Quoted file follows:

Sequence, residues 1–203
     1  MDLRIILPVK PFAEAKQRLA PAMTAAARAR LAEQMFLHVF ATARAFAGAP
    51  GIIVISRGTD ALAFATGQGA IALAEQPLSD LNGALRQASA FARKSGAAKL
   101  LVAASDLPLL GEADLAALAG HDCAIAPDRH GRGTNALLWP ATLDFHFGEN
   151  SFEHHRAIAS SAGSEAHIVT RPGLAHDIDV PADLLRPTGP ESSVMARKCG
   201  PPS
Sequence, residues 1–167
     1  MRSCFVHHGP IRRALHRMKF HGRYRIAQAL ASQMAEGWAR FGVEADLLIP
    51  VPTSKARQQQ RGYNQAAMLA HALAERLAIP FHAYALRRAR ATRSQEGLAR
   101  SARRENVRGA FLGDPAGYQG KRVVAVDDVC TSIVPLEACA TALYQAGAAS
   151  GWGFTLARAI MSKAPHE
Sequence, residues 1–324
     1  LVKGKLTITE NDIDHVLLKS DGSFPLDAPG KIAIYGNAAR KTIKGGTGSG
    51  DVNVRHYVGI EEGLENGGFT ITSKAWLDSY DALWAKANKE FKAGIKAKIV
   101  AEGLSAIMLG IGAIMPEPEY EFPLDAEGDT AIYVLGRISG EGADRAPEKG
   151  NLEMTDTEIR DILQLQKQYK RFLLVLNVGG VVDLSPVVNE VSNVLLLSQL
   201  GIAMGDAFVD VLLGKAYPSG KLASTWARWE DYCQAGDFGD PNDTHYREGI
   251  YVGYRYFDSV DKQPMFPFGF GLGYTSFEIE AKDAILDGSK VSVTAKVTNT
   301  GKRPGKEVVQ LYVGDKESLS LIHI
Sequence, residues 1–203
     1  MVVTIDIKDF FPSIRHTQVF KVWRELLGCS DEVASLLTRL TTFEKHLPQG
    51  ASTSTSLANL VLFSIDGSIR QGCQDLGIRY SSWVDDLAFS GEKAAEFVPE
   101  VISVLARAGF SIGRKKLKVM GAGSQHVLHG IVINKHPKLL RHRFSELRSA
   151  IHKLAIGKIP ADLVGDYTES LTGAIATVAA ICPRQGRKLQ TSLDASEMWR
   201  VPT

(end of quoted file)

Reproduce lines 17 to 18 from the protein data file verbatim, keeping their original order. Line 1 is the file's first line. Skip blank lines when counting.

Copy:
   201  GIAMGDAFVD VLLGKAYPSG KLASTWARWE DYCQAGDFGD PNDTHYREGI
   251  YVGYRYFDSV DKQPMFPFGF GLGYTSFEIE AKDAILDGSK VSVTAKVTNT